Trouble in Paradise

Performers La Roux

Cherrytree Records | July 22, 2014 | Compact Disc

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Naming her long-awaited second album Trouble in Paradise might have been tempting fate if La Roux's Elly Jackson hadn't endured plenty of hardships between 2009's self-titled debut and its follow-up. Writer's block, the departure of collaborator Ben Langmaid, panic attacks that left Jackson unable to sing, and extensive recording sessions all delayed her return to the point that "where are they now?" stories seemed more likely than a second album. However, the lasting impact of La Roux's whip-smart synth pop -- which became a template for countless other '80s-worshiping acts during Jackson's absence -- proved her music could still be relevant five years later. She wastes no time reminding listeners of her charms with Trouble in Paradise's opening tracks: "Uptight Downtown" (which borrows starkly echoing guitars from David Bowie's "Let's Dance") and "Kiss and Not Tell" offer more of "Quicksand" and "Bulletproof"'s cleverly bouncy pop, minus some bite. Elsewhere, Jackson downplays the stiff electronics that made such an intriguing contrast with her emotive singing and lyrics on La Roux. She trades them for a warmer, disco and reggae-inspired sound that shines on "Tropical Chancer"'s electro-calypso hybrid (which also evokes Bananarama's similarly sunburnt and heartbroken "Cruel Summer") but often just isn't as distinctive as before; that a song called "Sexotheque" is merely pleasant is a dubious achievement. Jackson also uses this softer sound to explore more vulnerable songwriting territory: much of Trouble in Paradise teeters between independence and codependence, whether it's "Cruel Sexuality"'s stifled desire or the boundary setting of "Let Me Down Gently." Jackson's feisty side doesn't resurface until "Silent Partner," where the relentless bassline and expansive length seem to nod to the success La Roux's singles had as dance remixes. At other times, the album's rangy tracks just seem padded, particularly on the lulling ballad "Paradise Is You." While La Roux was so full of hits and should-be hits that almost anything that followed would pale by comparison, Trouble in Paradise might have fared better as an EP of the best songs here. However, the album's standouts also prove Jackson is still better than many of her contemporaries when it comes to making fizzy electro-pop. This may not be a thrilling return, but it's still a welcome one. ~ Heather Phares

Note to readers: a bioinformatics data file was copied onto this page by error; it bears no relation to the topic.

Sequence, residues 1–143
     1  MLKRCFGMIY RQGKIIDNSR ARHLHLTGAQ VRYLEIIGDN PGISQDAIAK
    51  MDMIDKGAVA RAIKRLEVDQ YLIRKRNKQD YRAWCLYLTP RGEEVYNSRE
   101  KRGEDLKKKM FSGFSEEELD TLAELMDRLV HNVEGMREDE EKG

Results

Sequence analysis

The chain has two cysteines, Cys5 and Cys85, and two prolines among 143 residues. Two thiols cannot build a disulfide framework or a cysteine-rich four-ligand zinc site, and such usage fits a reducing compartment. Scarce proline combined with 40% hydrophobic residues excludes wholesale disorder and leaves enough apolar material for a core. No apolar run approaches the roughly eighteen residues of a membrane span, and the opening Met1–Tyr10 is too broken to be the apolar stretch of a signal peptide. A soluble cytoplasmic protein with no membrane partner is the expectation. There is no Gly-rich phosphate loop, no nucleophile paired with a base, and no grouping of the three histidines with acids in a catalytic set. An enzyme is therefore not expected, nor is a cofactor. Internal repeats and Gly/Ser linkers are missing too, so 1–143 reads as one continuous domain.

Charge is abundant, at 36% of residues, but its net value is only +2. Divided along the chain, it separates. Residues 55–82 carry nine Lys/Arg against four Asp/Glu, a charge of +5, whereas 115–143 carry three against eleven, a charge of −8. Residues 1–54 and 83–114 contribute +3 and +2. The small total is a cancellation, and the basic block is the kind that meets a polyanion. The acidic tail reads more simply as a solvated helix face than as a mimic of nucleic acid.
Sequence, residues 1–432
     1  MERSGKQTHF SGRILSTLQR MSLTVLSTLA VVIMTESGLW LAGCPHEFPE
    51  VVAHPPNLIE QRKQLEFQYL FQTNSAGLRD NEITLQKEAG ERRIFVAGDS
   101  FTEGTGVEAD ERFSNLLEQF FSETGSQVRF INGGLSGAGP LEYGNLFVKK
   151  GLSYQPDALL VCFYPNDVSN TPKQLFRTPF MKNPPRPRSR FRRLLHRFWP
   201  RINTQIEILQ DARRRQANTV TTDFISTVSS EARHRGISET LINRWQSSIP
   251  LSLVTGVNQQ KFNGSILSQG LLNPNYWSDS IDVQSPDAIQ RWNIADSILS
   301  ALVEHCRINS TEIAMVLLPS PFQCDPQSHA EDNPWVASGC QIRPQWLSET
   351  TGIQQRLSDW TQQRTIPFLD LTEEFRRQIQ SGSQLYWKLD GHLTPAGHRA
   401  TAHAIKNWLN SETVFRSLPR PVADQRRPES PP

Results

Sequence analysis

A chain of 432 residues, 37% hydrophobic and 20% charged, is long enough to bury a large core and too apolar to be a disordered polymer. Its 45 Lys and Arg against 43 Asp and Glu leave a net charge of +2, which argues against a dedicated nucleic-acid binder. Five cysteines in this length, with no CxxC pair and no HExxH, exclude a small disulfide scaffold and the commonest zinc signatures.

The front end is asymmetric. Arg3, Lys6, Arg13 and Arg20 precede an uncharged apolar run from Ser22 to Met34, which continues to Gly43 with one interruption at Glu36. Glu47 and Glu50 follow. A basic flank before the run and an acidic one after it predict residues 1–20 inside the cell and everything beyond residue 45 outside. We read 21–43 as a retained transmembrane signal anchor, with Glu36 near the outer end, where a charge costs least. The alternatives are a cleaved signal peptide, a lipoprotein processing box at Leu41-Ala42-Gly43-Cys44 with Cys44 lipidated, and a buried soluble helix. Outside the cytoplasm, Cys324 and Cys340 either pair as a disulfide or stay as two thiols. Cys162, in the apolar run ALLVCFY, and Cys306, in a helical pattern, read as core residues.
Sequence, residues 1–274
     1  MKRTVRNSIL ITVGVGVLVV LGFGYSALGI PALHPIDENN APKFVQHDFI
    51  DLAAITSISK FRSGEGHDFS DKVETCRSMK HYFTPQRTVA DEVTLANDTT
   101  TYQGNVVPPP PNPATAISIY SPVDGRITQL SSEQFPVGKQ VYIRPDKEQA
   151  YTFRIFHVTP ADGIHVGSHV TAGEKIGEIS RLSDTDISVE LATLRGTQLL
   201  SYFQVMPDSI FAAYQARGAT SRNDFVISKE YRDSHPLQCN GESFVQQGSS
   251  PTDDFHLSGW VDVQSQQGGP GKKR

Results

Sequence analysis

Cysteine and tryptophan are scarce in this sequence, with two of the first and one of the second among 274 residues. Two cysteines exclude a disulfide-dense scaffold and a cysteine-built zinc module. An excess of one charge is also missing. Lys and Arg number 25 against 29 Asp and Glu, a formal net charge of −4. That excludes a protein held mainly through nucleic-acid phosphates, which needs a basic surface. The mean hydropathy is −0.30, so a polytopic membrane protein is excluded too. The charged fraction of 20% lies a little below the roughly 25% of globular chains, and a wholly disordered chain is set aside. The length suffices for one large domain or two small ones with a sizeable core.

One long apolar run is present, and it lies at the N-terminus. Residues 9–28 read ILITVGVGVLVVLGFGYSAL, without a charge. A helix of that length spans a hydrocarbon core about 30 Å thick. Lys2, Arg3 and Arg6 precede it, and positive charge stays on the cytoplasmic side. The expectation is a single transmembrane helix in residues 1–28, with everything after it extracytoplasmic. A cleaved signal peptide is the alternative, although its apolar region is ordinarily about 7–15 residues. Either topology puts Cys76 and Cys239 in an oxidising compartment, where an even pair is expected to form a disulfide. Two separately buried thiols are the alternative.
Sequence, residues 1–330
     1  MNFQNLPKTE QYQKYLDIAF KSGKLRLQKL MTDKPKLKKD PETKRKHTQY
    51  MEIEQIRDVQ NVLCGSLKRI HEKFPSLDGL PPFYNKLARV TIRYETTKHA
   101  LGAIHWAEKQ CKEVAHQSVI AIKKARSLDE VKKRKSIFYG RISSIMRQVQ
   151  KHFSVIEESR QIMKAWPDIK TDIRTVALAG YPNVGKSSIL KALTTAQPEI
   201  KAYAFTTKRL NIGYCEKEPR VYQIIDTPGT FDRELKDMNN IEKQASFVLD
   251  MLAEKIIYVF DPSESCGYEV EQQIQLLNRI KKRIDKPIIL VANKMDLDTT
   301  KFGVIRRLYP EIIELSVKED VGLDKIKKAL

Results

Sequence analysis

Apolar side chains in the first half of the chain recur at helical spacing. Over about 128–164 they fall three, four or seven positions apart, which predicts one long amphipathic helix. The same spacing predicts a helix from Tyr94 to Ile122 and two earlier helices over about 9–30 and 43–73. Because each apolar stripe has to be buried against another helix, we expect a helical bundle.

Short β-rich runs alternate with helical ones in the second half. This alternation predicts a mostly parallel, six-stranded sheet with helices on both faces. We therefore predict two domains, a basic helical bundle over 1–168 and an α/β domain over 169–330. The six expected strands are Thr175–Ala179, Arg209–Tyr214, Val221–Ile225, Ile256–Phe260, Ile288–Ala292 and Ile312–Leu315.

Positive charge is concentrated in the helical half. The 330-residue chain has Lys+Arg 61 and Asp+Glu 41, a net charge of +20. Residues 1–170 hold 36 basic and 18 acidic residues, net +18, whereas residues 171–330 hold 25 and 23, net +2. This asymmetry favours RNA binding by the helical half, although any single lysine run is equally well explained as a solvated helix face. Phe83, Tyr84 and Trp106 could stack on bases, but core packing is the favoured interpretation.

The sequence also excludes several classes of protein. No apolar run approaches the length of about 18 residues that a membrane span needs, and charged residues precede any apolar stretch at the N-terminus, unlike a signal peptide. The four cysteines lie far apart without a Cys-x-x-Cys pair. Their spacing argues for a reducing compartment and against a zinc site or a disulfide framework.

Format: Compact Disc

Released Date: July 22, 2014

Number of Discs: 1

Label Name: Cherrytree Records

UPC: 602537863983

Found in: General

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Trouble in Paradise

Performers La Roux

Format: Compact Disc

Released Date: July 22, 2014

Number of Discs: 1

Label Name: Cherrytree Records

UPC: 602537863983


Title Track Time
1.Uptight Downtown --
2.Kiss and Not Tell --
3.Cruel Sexuality --
4.Paradise is You --
5.Sexotheque --
6.Tropical Chancer --
7.Silent Partner --
8.Let Me Down Gently --
9.Feeling --

Editorial Notes

Naming her long-awaited second album Trouble in Paradise might have been tempting fate if La Roux's Elly Jackson hadn't endured plenty of hardships between 2009's self-titled debut and its follow-up. Writer's block, the departure of collaborator Ben Langmaid, panic attacks that left Jackson unable to sing, and extensive recording sessions all delayed her return to the point that "where are they now?" stories seemed more likely than a second album. However, the lasting impact of La Roux's whip-smart synth pop -- which became a template for countless other '80s-worshiping acts during Jackson's absence -- proved her music could still be relevant five years later. She wastes no time reminding listeners of her charms with Trouble in Paradise's opening tracks: "Uptight Downtown" (which borrows starkly echoing guitars from David Bowie's "Let's Dance") and "Kiss and Not Tell" offer more of "Quicksand" and "Bulletproof"'s cleverly bouncy pop, minus some bite. Elsewhere, Jackson downplays the stiff electronics that made such an intriguing contrast with her emotive singing and lyrics on La Roux. She trades them for a warmer, disco and reggae-inspired sound that shines on "Tropical Chancer"'s electro-calypso hybrid (which also evokes Bananarama's similarly sunburnt and heartbroken "Cruel Summer") but often just isn't as distinctive as before; that a song called "Sexotheque" is merely pleasant is a dubious achievement. Jackson also uses this softer sound to explore more vulnerable songwriting territory: much of Trouble in Paradise teeters between independence and codependence, whether it's "Cruel Sexuality"'s stifled desire or the boundary setting of "Let Me Down Gently." Jackson's feisty side doesn't resurface until "Silent Partner," where the relentless bassline and expansive length seem to nod to the success La Roux's singles had as dance remixes. At other times, the album's rangy tracks just seem padded, particularly on the lulling ballad "Paradise Is You." While La Roux was so full of hits and should-be hits that almost anything that followed would pale by comparison, Trouble in Paradise might have fared better as an EP of the best songs here. However, the album's standouts also prove Jackson is still better than many of her contemporaries when it comes to making fizzy electro-pop. This may not be a thrilling return, but it's still a welcome one. ~ Heather Phares
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